Pope Francis endorsed same-sex civil unions for the first time as pontiff while being interviewed for the feature-length documentary “Francesco,” which premiered earlier this week at the Rome Film Festival.
The film covers a wide range of topics that have occupied the mind of the pope over many years.
These include the environment, poverty, migration, racial, and income inequality and the people most affected by discrimination.
“Homosexual people have the right to be in a family. They are children of God,” Francis said in one of his sit-down interviews for the film.
“You can’t kick someone out of a family, nor make their life miserable for this. What we have to have is a civil union law; that way they are legally covered,” he added.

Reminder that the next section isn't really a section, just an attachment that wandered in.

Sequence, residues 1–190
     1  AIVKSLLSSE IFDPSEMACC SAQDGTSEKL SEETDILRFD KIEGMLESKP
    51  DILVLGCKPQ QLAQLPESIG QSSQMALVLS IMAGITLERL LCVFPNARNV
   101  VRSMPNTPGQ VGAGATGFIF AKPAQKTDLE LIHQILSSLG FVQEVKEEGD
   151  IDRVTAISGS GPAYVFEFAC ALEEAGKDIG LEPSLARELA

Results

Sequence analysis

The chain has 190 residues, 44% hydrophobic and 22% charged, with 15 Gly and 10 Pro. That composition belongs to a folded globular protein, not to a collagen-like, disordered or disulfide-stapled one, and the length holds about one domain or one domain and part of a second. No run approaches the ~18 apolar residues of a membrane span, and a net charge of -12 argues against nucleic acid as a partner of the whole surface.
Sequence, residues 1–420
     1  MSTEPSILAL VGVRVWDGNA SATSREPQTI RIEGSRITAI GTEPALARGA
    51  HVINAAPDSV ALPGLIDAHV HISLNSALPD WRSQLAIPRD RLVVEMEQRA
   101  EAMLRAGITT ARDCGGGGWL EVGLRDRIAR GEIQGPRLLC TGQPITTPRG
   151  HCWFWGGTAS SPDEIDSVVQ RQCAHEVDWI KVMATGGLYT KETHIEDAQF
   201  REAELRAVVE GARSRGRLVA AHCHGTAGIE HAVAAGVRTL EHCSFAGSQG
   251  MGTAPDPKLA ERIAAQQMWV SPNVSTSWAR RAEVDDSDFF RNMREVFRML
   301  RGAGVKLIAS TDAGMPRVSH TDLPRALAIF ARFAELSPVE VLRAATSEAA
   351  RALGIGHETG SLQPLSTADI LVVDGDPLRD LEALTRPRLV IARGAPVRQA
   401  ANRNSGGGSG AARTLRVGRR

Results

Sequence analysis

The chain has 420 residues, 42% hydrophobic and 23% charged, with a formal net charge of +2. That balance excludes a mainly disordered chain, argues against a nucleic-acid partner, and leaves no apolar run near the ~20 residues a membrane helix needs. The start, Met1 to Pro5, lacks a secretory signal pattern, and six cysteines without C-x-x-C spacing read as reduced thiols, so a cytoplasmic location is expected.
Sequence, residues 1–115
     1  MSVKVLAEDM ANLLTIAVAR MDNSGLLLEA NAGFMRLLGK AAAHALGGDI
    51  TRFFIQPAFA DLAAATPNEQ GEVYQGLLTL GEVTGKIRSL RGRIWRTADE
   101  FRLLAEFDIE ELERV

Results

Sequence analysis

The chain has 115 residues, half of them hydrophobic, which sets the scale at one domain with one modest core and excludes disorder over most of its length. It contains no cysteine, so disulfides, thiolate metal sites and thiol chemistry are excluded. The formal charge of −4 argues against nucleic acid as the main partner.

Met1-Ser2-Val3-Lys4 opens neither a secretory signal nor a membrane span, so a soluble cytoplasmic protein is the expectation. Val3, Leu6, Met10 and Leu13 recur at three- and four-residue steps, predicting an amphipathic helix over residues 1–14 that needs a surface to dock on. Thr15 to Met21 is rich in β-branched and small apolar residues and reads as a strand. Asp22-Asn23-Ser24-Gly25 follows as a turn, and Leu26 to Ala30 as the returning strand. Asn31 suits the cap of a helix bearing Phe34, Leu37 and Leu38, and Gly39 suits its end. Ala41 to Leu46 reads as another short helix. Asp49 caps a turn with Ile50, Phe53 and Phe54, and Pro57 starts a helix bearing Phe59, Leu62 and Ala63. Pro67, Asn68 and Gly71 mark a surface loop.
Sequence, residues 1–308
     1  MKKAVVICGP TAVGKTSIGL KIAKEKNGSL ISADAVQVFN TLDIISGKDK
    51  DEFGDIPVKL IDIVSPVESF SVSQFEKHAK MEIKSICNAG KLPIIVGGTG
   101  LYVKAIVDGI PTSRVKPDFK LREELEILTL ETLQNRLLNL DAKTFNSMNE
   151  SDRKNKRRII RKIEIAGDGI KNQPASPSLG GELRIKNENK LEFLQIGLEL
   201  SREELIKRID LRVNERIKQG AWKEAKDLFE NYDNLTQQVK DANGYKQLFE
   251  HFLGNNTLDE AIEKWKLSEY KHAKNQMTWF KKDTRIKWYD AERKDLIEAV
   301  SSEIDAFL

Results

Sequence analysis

While serving as archbishop of Buenos Aires, Francis endorsed civil unions for gay couples as an alternative to same-sex marriages. However, he had never come out publicly in favor of civil unions as pope.
Conservative Catholics, on the other hand, said these remarks continued to sow confusion among the faithful.
Conservative U.S. Cardinal Raymond Burke, a frequent critic of Francis, said the remarks “are contrary to the teaching of the Sacred Scripture and Sacred Tradition,” he wrote in a statement.
“They cause wonderment and error regarding the Church’s teaching among people of good will,” he said, and are not binding for Catholics in any way.
Yvad Billings Readers Bureau, Contributor
Edited by Jesus Chan
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